The Highlands are a stronghold of the communist insurgents – and the mainly European tea and rubber plantation owners are prime targets. Magnus Pretorius, a former business partner of Yun Ling’s father, runs a highly successful tea plantation and is friendly with Aritomo. It is the gardener who, to the best of his ability, protected Pretorius and his plantation workers during the Japanese occupation.

But now the (predominantly Chinese) communists are hiding in the forested highlands and British forces are ever present in the area – an irony not lost on the South African-born Pretorius, who lost most of his family in the Boer Wars.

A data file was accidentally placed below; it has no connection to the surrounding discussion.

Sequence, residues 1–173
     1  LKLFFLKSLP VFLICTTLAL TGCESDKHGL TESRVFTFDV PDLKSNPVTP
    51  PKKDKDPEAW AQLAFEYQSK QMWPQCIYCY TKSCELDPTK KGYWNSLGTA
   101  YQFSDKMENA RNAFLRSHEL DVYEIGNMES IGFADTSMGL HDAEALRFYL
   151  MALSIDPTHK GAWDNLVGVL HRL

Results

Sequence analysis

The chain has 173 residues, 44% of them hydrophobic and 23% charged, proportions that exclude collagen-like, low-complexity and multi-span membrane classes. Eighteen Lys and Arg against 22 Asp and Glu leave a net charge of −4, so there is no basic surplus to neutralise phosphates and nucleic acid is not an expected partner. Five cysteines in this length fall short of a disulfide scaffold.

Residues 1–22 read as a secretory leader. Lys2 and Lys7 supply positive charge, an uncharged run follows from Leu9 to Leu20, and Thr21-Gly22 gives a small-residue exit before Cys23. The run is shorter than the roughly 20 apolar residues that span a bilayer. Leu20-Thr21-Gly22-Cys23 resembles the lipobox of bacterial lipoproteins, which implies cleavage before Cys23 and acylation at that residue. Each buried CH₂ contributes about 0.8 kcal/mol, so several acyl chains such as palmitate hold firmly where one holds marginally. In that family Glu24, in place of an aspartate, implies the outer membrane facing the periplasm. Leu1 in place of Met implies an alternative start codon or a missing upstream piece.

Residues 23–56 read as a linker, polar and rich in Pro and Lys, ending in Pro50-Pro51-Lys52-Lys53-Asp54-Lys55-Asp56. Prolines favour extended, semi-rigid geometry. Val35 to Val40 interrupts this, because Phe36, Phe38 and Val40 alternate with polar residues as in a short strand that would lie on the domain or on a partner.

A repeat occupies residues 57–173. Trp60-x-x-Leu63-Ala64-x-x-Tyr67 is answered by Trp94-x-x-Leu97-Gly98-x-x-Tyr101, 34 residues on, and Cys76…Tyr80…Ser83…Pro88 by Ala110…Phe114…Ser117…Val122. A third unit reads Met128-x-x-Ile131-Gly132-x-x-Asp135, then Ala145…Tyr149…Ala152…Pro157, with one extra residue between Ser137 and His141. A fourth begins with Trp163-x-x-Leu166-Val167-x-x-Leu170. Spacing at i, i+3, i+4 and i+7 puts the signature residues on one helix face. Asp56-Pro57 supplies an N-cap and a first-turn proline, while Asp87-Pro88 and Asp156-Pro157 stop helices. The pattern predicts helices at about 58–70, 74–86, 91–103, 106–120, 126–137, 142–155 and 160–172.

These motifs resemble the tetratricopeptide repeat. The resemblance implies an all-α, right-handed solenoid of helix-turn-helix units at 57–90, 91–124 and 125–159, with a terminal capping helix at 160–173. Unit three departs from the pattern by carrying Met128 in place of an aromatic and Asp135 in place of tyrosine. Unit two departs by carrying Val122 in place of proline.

As Yun Ling becomes more embroiled in the beauties of Japanese formal gardens and zen philosophy, so slowly the skin she has formed to protect herself from her past is peeled away.

Knowing little of Malayan history pre and post WWII makes The Garden of Evening Mists a fascinating novel – events may be fictional but the essence of the setting is not. But sadly, Twan Eng Tan’s writing is not always up to the themes. Descriptions at times seem laboured, clever for the sake of clever. And whilst short, Yun Ling’s recounting of her story in the slave camp is surprisingly sterile and uninvolving.

It’s Aritomo who is ultimately the most memorable – the gardener, the acclaimed ukiyo-e (wood block printing) artist and rumoured horimono (body art) practitioner. Not everything is what it seems.

The Garden of Evening Mists was shortlisted for the 2012 Man Booker Prize but lost out to the juggernaut that is Bring Up the Bodies by Hilary Mantel.